Definition of Rhetoric
Rhetoric to me is the careful selection of words, speech and visuals,to influence the point of view of the target audience. Differentwords and sentence structures have a different impact on the targetaudience. Some sentences could appeal to logic while others aim atappealing to the emotions of the target audience. It is upon thewriter to select carefully what words or sentence structure isappropriate for the appeal that they want to create. The art ofknowing what to say, how to say it, and where to say it is whatconstitutes rhetoric techniques. The podcast and public argumentregarding the water crisis in Arizona took into consideration variousrhetorical techniques in order to influence the position of theaudience in regards to what ought to be done in the Arizonian watercrisis. This essay seeks to highlight the rhetoric techniques used inthe public argument and the podcast, in relation to my personaldefinition of rhetoric techniques.
Analysis and Evaluation
The audience for this podcast and public argument were the residentsof Arizona. I was trying to influence them to see the water crisisfrom my point of view. I wanted them to join me in conserving thelittle water that we have left, through a solid four-step plan. Thiswriting came in the wake of a biting water crisis in Arizona. Thewater crisis has led to rationing of water hence affecting manyresidents of the city, including the farmers who rely on the waterfor irrigation.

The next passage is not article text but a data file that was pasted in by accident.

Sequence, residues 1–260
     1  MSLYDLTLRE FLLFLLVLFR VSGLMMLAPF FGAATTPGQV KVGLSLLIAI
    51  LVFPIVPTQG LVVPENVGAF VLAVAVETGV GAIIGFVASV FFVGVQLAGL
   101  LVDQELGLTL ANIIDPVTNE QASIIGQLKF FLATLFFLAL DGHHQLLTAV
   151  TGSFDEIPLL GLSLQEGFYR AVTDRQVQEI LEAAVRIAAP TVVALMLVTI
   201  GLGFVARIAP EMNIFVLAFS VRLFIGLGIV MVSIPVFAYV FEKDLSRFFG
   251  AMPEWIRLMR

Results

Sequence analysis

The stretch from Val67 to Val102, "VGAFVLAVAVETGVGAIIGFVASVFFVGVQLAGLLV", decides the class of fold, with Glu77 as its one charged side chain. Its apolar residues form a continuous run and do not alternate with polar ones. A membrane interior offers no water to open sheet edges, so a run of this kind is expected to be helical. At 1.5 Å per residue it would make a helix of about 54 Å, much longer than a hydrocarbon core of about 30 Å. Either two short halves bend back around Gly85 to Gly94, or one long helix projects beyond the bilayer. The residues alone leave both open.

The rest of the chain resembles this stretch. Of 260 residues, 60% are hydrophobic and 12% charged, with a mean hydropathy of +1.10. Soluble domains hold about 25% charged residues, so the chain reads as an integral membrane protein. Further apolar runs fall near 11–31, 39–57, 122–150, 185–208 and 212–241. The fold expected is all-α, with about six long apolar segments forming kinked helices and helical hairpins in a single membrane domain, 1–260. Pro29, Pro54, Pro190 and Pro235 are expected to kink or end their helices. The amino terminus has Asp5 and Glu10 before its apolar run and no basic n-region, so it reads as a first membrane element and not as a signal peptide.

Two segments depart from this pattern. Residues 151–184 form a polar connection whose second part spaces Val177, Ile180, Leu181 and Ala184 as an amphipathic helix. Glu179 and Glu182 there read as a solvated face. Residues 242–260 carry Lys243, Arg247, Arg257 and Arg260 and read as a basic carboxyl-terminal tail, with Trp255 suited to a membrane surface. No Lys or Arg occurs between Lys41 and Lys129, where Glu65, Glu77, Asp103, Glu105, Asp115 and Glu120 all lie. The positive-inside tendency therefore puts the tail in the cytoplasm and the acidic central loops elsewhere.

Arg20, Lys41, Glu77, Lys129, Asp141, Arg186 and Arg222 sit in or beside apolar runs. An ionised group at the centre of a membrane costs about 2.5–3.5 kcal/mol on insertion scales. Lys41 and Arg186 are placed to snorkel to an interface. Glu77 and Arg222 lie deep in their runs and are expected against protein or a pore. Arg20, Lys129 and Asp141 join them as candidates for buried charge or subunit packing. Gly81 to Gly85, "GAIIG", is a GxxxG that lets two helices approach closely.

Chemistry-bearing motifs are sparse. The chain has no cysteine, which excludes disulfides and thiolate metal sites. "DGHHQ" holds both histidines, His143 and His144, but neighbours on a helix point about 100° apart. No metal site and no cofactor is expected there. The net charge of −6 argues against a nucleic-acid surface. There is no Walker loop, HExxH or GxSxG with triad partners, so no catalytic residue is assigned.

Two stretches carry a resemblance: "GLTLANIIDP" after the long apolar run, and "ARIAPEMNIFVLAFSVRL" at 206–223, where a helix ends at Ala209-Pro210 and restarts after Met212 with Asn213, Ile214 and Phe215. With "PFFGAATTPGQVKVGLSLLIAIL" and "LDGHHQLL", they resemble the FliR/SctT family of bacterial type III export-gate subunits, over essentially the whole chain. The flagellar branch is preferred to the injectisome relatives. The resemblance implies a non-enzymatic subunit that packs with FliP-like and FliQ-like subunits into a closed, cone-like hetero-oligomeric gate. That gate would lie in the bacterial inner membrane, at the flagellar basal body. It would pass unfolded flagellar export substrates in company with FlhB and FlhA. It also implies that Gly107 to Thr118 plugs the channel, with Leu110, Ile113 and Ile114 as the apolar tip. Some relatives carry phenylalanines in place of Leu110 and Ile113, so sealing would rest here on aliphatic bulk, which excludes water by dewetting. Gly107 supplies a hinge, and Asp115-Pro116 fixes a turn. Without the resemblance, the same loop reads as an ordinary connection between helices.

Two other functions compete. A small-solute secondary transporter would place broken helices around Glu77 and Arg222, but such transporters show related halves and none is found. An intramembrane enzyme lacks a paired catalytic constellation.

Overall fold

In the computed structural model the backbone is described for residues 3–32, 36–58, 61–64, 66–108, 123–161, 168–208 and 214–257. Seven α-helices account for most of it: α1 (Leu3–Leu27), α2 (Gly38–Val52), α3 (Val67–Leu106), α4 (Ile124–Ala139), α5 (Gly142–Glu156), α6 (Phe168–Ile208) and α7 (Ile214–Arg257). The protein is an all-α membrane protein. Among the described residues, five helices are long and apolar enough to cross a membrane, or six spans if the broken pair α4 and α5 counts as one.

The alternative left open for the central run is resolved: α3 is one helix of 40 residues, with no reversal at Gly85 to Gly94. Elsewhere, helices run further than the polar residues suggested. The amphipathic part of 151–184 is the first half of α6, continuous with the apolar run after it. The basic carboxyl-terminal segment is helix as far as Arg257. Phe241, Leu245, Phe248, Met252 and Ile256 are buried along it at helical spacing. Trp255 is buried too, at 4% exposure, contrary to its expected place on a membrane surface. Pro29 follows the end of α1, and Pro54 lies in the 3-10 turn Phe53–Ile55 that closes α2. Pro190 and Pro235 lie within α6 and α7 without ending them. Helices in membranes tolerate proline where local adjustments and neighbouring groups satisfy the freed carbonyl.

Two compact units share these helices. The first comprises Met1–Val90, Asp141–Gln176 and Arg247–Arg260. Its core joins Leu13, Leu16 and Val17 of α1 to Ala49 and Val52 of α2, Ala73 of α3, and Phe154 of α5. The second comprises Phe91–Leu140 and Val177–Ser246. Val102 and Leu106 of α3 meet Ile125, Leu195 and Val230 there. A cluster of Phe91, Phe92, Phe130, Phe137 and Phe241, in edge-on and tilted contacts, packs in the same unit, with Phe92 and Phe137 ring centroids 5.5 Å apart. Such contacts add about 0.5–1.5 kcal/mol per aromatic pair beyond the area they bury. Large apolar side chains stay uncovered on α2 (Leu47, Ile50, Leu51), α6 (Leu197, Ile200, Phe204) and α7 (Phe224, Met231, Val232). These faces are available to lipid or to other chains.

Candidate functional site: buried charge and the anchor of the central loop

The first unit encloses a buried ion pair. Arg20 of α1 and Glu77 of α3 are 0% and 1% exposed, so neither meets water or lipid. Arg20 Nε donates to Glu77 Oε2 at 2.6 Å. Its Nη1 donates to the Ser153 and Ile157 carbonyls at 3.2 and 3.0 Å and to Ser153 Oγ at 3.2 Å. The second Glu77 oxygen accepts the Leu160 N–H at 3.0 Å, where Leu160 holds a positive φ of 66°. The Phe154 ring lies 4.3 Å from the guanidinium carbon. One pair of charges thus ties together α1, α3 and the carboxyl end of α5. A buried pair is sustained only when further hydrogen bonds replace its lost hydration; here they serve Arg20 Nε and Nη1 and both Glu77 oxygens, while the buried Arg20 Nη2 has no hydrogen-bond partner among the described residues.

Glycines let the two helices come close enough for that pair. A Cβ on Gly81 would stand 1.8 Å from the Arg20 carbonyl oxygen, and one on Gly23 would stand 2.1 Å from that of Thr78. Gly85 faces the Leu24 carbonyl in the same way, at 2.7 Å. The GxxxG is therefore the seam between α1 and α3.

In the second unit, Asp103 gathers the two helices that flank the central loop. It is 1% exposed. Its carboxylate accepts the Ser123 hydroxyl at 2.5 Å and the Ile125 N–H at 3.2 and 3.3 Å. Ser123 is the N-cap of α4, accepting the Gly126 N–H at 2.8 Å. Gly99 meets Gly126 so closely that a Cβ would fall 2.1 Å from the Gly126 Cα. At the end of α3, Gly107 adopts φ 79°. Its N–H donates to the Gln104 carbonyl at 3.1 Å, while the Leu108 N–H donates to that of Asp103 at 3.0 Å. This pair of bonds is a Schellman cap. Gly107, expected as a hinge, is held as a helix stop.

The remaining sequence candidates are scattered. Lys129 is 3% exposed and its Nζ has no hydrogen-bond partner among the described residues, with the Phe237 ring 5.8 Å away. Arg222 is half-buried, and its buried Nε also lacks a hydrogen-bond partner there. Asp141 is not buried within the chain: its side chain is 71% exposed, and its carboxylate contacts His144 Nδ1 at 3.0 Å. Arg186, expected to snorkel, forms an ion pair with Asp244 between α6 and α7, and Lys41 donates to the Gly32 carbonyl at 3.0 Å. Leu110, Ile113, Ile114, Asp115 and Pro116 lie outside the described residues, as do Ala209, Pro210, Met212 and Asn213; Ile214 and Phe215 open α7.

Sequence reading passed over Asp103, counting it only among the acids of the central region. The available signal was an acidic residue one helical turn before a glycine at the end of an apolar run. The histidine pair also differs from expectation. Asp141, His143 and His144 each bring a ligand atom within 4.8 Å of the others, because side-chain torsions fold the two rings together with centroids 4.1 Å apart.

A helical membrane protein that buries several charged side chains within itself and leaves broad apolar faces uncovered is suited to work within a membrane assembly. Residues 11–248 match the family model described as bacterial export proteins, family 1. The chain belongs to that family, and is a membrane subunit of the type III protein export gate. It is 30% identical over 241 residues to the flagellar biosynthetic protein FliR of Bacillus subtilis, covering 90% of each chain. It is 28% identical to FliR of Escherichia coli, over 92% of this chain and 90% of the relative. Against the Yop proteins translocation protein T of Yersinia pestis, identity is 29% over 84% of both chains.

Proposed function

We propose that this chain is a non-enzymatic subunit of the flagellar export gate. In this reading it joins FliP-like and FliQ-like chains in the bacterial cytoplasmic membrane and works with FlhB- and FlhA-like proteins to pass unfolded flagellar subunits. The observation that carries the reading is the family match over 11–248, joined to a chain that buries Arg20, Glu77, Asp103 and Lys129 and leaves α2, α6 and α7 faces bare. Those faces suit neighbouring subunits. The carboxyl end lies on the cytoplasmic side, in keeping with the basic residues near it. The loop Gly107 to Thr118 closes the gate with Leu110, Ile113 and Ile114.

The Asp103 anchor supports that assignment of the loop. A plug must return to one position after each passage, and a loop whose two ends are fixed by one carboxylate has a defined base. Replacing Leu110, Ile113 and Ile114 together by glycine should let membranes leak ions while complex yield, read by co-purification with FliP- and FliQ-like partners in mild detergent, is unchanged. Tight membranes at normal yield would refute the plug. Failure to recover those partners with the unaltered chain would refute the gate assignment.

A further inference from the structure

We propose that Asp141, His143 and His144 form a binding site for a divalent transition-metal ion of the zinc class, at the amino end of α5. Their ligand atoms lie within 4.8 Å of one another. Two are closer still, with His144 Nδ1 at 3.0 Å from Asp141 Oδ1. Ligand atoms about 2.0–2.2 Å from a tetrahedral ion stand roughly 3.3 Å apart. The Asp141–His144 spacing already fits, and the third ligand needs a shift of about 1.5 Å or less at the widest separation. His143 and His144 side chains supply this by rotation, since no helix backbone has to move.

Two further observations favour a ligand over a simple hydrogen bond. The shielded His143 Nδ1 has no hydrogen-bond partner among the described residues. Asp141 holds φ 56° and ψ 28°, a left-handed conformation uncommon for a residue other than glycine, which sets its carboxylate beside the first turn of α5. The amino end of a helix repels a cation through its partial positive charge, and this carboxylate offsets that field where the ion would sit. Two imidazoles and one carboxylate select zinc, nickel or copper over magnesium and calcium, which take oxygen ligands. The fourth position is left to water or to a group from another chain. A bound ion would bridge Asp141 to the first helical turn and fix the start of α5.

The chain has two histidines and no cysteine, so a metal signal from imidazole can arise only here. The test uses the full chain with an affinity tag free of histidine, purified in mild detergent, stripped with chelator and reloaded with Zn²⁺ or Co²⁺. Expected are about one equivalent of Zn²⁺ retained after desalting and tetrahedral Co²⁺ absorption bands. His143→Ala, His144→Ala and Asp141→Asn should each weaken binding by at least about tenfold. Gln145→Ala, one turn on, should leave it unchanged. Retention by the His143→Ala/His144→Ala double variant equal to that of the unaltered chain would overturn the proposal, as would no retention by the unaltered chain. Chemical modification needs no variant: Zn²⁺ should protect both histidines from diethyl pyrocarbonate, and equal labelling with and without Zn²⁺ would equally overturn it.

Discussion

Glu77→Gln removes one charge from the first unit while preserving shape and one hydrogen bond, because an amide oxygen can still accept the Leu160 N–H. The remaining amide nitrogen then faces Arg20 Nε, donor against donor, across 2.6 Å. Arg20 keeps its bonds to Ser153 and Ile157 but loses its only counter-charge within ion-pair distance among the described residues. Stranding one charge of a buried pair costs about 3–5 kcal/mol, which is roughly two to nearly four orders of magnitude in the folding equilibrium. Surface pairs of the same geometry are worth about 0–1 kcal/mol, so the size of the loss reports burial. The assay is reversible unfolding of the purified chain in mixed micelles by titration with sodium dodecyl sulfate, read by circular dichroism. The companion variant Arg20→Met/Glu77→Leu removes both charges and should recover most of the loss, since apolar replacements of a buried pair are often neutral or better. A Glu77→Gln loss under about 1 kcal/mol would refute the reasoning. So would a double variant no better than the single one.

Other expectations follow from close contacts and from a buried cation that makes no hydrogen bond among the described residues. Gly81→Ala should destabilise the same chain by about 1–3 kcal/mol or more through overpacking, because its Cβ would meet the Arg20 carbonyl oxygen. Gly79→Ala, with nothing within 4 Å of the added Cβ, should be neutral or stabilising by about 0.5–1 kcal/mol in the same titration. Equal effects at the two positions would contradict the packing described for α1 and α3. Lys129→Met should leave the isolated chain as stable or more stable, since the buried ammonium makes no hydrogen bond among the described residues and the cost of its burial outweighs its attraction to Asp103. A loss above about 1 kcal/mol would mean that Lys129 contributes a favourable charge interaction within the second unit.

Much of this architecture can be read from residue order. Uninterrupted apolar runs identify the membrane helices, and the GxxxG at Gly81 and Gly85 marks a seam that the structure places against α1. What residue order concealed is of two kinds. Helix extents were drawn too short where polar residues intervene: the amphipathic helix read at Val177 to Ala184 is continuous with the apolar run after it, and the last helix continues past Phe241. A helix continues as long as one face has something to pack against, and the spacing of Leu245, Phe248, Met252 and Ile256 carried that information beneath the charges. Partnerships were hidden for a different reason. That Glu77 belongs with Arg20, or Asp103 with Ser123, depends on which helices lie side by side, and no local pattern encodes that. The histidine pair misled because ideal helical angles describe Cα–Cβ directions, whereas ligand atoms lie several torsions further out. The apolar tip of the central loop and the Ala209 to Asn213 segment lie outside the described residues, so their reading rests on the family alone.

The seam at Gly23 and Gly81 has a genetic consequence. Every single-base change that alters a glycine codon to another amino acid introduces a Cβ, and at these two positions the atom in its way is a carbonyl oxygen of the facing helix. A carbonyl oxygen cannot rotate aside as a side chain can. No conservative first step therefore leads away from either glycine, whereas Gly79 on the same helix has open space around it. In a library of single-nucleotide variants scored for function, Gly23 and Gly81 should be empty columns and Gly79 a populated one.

The primary reason for this shortage is the reducing water level inLake Mead, which is the main inlet for the Arizonian water supplyReservoir (Rajopalan et al 45). It came to my attention that thelittle I could do to be a part of the solution was to educate thepeople of Arizona on practical ways of reducing water wastage.
The podcast heavily relied in the use of logos to pass the messageacross. I drew statistics about the water crisis from numerouscredible sources. I quoted sources such as the National Bureau ofStatistics to show how the sudden increase in population in Arizonahas contributed to the water shortage. The public argument used logosas well by indicating that 3 million cubic meters of water go towaste through irrigating private lawns.
The use of logos was effective in that it showed my argument had abacking of solid facts and that it was not a mere emotional rantcaused by panic (Schiappa 90). A certain proportion of the audienceconsists of scholars who will want the backing of solid facts inorder to pronounce the public argument and podcast credible. This isbecause the appeal to logos carters for this section of the targetaudience.
The front image of the public argument appealed to the emotion of thereader by showing two people standing helpless in the middle of thedesert because they had no water to drink. Below the image, Ireminded the reader that the residents of Arizona could be in asimilar situation if they did not conserve the little water they haveleft. I used this technique to touch on the emotional being of thereaders. When they saw the picture of two men standing helpless inthe middle of the desert, they must have felt empathy towards themand consequently felt vulnerable at the same time. This rhetorictechnique applies to the section of the audience that does not caremuch about logic and statistics.